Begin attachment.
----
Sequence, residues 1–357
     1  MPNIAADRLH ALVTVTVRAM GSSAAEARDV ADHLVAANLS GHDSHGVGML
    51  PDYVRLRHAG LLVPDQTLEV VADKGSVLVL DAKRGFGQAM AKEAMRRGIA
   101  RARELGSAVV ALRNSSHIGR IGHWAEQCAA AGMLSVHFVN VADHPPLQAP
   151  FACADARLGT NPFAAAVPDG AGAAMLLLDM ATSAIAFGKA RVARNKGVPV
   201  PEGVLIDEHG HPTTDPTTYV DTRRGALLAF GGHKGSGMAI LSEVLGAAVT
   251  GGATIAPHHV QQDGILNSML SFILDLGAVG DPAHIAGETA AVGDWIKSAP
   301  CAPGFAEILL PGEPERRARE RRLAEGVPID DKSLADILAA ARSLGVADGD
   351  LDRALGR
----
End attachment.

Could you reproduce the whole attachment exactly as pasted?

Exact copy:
Sequence, residues 1–357
     1  MPNIAADRLH ALVTVTVRAM GSSAAEARDV ADHLVAANLS GHDSHGVGML
    51  PDYVRLRHAG LLVPDQTLEV VADKGSVLVL DAKRGFGQAM AKEAMRRGIA
   101  RARELGSAVV ALRNSSHIGR IGHWAEQCAA AGMLSVHFVN VADHPPLQAP
   151  FACADARLGT NPFAAAVPDG AGAAMLLLDM ATSAIAFGKA RVARNKGVPV
   201  PEGVLIDEHG HPTTDPTTYV DTRRGALLAF GGHKGSGMAI LSEVLGAAVT
   251  GGATIAPHHV QQDGILNSML SFILDLGAVG DPAHIAGETA AVGDWIKSAP
   301  CAPGFAEILL PGEPERRARE RRLAEGVPID DKSLADILAA ARSLGVADGD
   351  LDRALGR